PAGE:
We're going to have to go all the way back to Oct. 21, 2000, to get the full extent of the New York Mets' constant disregard for baseball fundamentals, intelligence and hustle. What took place on that date was, of course, game one of the World Series between the Mets and New York Yankees. And in three consecutive innings, Met players just flat-out refused to run the bases. In the fourth inning, Todd Zeile hit a dribbler that started out foul but rolled fair.
Zeile stood like a statue in the batter's box, as Scott Brosius threw to Tino Martinez for the second out of the inning. When Jay Payton came up to bat the following inning with Benny Agbayani on second and no one out, did he take note of Zeile's mishap? No, because he did the exact same thing. He stood and watched as Jorge Posada scooped up a ball that was clearly in fair territory and tagged him out. And the icing on the cake came in inning six, when Zeile belted a ball that bounced off the top of the left field wall, as Timo Perez celebrated and happy-assed his way around the bases until he was thrown out at home by Derek Jeter on a play where he should have easily scored a run.
On opening day of 2002, Mike Piazza cue-balled a blooper past first base that landed on the line and spun its way to the stands, where a fan reached over and grabbed the souvenir. Was Piazza hustling his way around the bases? Did he end up at second with a double? No. He took a few leisurely steps toward first with bat in hand, and didn't come close to first base let alone second. Fan interference was called and Piazza turned a double into a ground-rule single. And on it went, highlighted by 2009's blooper reel of a season where the Mets invented new ways to lose: Not touching bases, attempting to catch pop-ups with one hand, and so on and so on and so on.
For years, the New York Mets have not hustled or come close to playing any type of fundamentally sound baseball. They've turned triples into doubles and doubles into singles. Going from first to third? They can barely get from first to second. They can barely get to first in the first place. Perez thought Zeile's shot was a home run and Zeile, Payton and Piazza thought their assortment of grounders and bloopers were foul balls.
But they were all wrong, and that's why you run. You never know. The ball may not go over the wall, it may end up in fair territory or it may go through a fielder's legs. A certain segment of stat-heads scoff, point and laugh at concepts like "intangibles," "hustle" and "grit," and talent surely trumps those concepts, but the Mets lost a World Series game (and maybe a whole series) because of a lack of hustle. I repeat--they couldn't bother to hustle in a World Series game. The World Series! How many games over the years have the Mets lost due to their insistence on taking the easy way out and ignoring the details of the game?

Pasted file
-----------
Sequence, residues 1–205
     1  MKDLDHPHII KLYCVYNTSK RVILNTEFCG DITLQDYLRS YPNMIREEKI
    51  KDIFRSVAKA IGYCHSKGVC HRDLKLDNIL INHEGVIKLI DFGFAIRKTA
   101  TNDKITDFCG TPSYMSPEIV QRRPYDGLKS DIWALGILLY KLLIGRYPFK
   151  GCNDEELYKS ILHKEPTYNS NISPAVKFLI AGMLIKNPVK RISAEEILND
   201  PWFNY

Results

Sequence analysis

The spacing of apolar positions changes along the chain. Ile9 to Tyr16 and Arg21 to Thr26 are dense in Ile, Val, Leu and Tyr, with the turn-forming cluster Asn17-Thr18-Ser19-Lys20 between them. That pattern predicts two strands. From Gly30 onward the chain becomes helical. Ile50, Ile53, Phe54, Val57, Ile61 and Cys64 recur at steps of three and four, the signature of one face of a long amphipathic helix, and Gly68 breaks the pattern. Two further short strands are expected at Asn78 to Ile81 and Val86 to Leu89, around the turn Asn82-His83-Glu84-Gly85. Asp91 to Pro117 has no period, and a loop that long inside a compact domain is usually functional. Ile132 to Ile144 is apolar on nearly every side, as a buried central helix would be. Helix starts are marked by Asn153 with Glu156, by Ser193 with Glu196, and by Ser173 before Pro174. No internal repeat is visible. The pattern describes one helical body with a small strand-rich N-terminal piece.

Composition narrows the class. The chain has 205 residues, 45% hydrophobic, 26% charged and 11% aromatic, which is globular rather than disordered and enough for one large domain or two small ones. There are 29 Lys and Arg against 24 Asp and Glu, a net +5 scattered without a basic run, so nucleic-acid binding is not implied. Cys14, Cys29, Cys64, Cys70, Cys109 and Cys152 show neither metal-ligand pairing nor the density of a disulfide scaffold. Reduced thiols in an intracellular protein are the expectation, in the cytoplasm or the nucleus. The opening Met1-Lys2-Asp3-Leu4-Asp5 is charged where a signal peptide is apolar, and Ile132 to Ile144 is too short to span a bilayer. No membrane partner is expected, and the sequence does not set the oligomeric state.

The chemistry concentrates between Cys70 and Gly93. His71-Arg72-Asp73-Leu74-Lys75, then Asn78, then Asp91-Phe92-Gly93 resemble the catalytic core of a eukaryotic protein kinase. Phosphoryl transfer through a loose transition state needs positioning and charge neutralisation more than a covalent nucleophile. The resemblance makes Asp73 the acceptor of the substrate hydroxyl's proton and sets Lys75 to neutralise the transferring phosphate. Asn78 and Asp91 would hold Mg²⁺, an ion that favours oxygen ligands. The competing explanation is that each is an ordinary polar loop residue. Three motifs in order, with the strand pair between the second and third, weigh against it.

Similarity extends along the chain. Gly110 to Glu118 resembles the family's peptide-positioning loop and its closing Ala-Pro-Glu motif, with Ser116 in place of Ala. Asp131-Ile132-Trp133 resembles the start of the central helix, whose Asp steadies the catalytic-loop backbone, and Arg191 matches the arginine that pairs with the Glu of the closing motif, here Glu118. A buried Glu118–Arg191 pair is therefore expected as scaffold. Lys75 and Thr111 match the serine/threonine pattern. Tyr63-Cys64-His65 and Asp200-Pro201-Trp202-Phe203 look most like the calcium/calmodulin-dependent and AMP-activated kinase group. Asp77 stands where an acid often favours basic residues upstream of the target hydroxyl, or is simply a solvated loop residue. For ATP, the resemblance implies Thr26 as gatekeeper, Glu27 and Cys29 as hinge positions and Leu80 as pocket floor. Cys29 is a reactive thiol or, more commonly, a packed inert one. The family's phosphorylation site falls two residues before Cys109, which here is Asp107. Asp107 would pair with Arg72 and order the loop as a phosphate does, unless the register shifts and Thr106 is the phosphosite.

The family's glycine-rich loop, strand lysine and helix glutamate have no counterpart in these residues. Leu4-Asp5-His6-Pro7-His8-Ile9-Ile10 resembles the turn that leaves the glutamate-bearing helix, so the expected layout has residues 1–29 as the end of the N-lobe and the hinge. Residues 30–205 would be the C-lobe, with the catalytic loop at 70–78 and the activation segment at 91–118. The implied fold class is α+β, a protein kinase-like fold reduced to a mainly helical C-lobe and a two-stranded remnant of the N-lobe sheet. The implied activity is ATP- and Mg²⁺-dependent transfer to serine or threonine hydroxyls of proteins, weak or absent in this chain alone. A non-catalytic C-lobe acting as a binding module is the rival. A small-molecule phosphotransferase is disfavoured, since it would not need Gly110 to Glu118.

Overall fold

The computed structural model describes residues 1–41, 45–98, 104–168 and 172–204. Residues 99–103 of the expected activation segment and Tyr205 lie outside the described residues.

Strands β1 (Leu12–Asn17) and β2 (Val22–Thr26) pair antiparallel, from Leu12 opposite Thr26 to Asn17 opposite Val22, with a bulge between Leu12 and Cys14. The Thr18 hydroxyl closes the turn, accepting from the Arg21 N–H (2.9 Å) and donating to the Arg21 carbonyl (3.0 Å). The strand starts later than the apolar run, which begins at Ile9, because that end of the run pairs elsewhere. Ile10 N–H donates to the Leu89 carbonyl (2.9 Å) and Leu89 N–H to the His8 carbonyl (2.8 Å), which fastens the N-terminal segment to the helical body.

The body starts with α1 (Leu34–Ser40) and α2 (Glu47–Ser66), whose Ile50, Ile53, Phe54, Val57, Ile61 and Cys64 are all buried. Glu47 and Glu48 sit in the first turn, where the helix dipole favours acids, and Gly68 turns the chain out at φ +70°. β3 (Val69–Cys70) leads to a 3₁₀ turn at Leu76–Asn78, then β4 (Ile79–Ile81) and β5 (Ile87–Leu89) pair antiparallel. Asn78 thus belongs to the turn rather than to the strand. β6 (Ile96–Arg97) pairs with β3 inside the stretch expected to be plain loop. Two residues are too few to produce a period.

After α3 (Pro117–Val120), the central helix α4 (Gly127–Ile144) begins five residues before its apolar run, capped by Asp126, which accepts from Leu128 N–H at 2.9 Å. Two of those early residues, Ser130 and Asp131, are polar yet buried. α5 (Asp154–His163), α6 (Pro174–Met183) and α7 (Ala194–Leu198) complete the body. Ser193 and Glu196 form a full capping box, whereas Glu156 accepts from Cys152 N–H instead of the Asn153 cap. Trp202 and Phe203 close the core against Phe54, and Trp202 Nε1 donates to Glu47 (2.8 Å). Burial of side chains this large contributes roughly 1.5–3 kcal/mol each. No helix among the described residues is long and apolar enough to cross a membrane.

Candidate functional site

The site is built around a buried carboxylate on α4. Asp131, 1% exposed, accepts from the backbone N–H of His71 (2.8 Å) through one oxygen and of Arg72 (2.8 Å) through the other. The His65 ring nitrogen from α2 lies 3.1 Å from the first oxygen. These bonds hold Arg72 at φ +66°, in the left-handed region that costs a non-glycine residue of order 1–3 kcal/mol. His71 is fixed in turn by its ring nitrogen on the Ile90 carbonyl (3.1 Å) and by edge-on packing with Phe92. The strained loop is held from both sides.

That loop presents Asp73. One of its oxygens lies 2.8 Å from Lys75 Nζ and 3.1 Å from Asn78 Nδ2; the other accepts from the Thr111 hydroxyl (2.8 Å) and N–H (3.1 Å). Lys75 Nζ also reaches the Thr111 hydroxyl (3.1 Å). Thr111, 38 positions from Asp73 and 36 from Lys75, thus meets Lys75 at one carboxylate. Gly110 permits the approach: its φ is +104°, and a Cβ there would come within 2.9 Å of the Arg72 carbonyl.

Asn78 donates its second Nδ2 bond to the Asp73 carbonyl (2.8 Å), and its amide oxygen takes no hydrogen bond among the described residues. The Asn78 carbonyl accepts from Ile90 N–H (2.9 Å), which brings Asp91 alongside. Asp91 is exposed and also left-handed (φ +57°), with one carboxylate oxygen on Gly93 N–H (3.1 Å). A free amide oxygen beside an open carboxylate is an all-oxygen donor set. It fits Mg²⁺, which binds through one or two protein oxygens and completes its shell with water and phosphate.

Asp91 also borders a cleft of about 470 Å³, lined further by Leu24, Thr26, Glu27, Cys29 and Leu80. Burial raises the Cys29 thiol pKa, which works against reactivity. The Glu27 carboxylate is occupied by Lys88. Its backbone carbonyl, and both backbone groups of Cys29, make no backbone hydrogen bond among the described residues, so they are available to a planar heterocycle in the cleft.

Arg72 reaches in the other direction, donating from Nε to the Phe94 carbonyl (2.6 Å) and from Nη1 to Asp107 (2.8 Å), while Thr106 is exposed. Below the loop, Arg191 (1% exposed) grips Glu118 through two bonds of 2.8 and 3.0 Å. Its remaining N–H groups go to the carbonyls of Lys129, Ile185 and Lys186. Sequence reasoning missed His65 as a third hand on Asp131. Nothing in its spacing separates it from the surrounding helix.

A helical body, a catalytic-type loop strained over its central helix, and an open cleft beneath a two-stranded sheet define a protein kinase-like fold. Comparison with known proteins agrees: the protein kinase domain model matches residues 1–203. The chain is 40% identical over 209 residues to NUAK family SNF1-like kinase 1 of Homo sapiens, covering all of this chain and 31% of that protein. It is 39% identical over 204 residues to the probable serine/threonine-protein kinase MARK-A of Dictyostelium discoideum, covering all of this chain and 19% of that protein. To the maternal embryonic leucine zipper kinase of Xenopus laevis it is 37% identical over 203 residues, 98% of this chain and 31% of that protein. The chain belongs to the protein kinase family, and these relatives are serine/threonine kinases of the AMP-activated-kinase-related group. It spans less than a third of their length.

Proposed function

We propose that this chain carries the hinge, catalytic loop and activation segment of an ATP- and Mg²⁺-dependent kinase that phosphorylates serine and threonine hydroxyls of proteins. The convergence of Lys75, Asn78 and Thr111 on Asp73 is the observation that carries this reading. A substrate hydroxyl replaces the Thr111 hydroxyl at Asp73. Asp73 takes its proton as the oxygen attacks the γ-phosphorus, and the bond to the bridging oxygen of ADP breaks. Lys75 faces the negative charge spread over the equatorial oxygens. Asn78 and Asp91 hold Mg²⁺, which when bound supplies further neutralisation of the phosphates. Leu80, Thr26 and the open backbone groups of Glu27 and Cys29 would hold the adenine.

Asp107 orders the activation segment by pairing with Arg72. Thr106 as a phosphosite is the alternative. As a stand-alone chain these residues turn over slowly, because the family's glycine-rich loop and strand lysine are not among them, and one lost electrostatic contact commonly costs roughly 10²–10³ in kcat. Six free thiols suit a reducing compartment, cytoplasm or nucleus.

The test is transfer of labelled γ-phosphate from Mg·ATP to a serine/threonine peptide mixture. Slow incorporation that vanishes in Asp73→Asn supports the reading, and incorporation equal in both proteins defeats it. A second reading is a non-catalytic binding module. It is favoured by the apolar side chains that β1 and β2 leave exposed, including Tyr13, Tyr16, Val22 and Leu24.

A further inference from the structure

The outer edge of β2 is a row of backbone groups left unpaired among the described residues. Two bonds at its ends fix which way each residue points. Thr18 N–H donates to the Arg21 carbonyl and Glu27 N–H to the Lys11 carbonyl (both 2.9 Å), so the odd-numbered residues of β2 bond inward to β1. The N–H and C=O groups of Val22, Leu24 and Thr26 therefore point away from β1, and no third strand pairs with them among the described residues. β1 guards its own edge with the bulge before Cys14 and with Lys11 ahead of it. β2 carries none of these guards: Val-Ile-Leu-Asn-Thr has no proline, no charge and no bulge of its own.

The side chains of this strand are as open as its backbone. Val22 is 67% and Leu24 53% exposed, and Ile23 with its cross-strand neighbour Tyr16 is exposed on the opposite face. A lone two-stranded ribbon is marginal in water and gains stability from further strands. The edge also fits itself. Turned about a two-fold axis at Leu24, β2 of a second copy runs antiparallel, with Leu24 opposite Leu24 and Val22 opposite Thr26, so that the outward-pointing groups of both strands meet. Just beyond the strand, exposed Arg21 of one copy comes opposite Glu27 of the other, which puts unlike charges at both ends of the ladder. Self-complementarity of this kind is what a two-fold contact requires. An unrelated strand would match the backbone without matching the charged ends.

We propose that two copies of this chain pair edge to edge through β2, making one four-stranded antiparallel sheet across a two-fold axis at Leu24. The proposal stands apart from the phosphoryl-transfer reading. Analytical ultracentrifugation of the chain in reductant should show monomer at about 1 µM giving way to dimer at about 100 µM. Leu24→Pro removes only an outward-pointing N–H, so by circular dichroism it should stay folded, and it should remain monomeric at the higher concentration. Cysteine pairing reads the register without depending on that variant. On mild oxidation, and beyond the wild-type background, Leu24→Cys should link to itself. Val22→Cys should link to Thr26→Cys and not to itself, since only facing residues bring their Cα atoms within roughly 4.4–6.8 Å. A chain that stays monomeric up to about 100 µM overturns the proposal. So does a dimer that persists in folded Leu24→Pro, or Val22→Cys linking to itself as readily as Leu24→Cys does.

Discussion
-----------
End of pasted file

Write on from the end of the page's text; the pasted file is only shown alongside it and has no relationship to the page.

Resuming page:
When Willie Randolph first came to the Mets, he tried to instill a corporate, no-facial-hair, Yankee-type structure to the team. That worked to a certain extent as they did reach the NLCS with the former second baseman at the helm. Jerry Manuel came along and talked about gangstas and cutting his shortstop with a blade. Did his style work? Not so much. I don't recall what Art Howe tried to bring to the team--a soothing Zen-like calm? Which brings us to Terry Collins. His mantra for the 2011 Mets is this: Fundamentals, fundamentals, fundamentals.
It's sad that a manager of a Major League team would have to go back to the basics of Little League, but that's exactly what the Mets need. Over the years, they've expended copious amounts of energy on creating handshakes, making "we're-the-team-to-beat" pronouncements, beating up family members and sleepwalking through games instead of concentrating on running out batted balls, using two hands to catch fly balls, touching all the bases, getting in front of ground balls--all the little things, all the right things, that add up to winning baseball games.
Collins has been emphasizing "playing the game the right way" and "respecting the game" since his first day on the job. So many things have gone wrong for the Mets over the last decade, on and off the field, that it's time they put their heads down and start from scratch, and work on the details of playing the game of baseball. Collins is a baseball lifer, with the game flowing through his veins. He's passionate, he's intense and he's just what the team needs. His communication skills have already been proven effective, with the Carlos Beltran situation taken care of and wrapped up in a big bow with still a full month left of spring training.
After the new manager's opening speech to the team last week, Jason Bay said, "It's no slight to anyone else I've ever had, but the way [Collins] talks, you feel like he means it. That's not saying other managers didn't mean it. It's just that he gets things across a different way. You don't find a lot of guys like him at this level. It's kind of cool."
And David Wright said of his new manager, "He's just that excited about baseball and that excited about this season. He gets all fired up and it's like a snowball. He starts up with a normal voice and it picks up a few decibels and then a few more and by the end of it he's yelling and screaming and sweating and red in the face. It makes it fun, and those are the type of guys you want to run through a wall for."
When was last time Mets ran through a wall for anything? They usually can't even lower themselves to run to first base. It's about time the Mets focused on playing a competent, hustling, intelligent brand of baseball. Terry Collins will try where other men have failed before him. But at least he's going to try. And that's a first step in the right direction.